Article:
Since Windows 8 I fell in love with SkyDrive and use it all the time now. Windows 8.1 has improved this a lot by introducing a new concept that requires some changes to the way you interact with files. In, this post Gaye Oncul Kok, Program Manager on the .NET Framework team, explains the key things .NET developers need to know when they read and write files stored on SkyDrive.
SkyDrive for Windows 8.1 introduced a new technology, called smart files, which gives access to the files in the cloud by providing their content on demand. The technology was designed to minimize the disk space utilization on your Windows 8.1 device. You can think of the smart files as the avatars of your cloud files on a device. They have the same appearance as regular files, allowing you to browse, search and do common file operations like viewing the properties or a thumbnail of the file without downloading the full content locally. When you want to open the file, or explicitly want to make it available offline, only then are the file’s contents streamed to your device.
The following image shows the properties of a smart file. You can see that this file uses 40KB space on the device even though its full size is 3.95MB in the cloud.
SkyDrive’s placholder files are smaller
From a .NET developers’ perspective, if you are developing a Windows Store App or a desktop app targeting platforms that has Windows Runtime support, your app can consume smart files just like regular files by using Windows.Storage APIs. However, applications that depend on .NET Framework System.IO APIs, such as File.Open() or FileInfo.Open(), will have problems, when operating on a smart file unless its content is fully downloaded on the device. This is due to the fact that the smart files are supported in the Windows Shell layer and above, whereas System.IO APIs resides on the Win32 layer.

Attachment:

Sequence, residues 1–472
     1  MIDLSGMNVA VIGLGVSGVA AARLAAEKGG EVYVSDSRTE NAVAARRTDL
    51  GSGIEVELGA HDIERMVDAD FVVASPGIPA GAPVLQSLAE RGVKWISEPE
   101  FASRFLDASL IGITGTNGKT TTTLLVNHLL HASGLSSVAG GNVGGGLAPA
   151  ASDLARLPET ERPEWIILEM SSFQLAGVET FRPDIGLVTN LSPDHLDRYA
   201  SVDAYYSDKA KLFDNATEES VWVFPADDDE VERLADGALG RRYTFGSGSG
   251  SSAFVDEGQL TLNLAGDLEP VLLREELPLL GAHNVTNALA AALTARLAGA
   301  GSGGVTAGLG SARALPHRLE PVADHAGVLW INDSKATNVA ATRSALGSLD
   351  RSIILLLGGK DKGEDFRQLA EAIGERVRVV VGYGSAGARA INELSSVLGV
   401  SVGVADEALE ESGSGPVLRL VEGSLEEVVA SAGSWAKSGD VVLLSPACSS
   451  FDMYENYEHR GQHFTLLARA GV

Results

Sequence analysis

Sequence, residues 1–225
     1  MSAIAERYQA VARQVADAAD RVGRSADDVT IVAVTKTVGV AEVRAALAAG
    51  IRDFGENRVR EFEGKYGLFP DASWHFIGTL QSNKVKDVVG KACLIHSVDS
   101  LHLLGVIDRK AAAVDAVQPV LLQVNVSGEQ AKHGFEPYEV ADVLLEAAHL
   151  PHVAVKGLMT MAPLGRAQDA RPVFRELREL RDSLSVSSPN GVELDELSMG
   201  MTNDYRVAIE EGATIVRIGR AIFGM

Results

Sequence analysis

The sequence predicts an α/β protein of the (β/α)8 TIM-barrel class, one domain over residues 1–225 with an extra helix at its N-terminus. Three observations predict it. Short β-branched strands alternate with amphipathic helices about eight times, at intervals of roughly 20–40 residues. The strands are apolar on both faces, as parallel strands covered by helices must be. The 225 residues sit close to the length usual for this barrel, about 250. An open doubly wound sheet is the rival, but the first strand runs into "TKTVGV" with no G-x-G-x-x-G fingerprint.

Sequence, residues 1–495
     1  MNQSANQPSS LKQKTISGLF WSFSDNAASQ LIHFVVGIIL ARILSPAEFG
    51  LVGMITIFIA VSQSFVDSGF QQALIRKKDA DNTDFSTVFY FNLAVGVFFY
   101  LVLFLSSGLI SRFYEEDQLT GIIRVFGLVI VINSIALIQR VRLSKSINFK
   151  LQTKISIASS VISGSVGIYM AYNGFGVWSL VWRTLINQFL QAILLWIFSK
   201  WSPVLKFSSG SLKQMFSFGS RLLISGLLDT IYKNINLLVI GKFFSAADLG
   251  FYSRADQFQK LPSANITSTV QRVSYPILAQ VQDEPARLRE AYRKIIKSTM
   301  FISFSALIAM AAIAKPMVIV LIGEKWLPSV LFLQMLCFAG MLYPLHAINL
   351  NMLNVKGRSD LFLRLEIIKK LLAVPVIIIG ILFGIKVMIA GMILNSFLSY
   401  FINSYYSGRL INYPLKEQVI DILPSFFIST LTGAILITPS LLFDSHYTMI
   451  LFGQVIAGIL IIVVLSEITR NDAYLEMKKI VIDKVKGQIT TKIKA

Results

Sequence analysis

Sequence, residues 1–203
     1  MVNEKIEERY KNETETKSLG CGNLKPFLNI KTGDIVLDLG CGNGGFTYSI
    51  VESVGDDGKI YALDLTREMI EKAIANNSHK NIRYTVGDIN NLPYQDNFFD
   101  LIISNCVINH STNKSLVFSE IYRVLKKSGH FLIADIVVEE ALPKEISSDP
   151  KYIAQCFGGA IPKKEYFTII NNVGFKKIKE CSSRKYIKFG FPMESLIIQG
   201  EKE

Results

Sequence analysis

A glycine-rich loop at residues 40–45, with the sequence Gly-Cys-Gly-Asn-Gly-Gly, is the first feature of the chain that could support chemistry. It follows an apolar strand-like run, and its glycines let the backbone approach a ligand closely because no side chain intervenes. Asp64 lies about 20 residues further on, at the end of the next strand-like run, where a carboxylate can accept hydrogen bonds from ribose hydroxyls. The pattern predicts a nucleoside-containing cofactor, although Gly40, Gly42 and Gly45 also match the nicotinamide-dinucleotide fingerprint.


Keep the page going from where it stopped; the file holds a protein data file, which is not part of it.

If you want your desktop app to run on non-Windows Runtime platforms, such as Windows 7, and also work with SkyDrive smart files available with Windows 8.1 you can either use the related Shell APIs through COM-interop and platform invocations or provide two different implementations and distribute two versions of your app; one for Windows Runtime and the other for non-Windows Runtime platforms. There is a third option, which is provided in sample code. This code uses reflection to utilize Windows.Storage APIs, such as StorageFile.GetFileFromPathAsync and StorageFile.OpenAsync(), if the Windows Runtime types are available on the platform or falls back to System.IO APIs otherwise.
The code provides the following public static methods in
public static Task<Stream> OpenReadAsync(string filePath)
public static Task<Stream> OpenWriteAsync(string filePath)
public static Task<Stream> OpenWriteAsync(string filePath, bool createFile)
public static Stream OpenRead(string filePath)
public static Stream OpenWrite(string filePath)
All of these eventually call into the private async method:
private static Task<Stream> OpenStreamAsync (string filePath, FileAccess mode)
In a nutshell,
OpenStreamAsync calls StorageFile.GetFileFromPathAsync to get a StorageFile object as and then calls
StorageFile.OpenAsync() to open a random-access stream over that file. The returned random-access stream is converted to
System.IO.Stream so that you can continue using the
System.IO APIs once it is open. These operations performed when the application is running on a platform where the required
Windows.Storage types exist. Otherwise,
File.Open() to open the stream.
SmartFileLightUp class includes
OpenWrite in addition to their asynchronous counterparts so that you can use them just as a replacement for File.OpenRead() and File.OpenWrite(). Both async and sync versions do not wait for the full content of the smart file to be downloaded. The difference is that Sync waits for the calls to WinRT functions to return but the Async does not.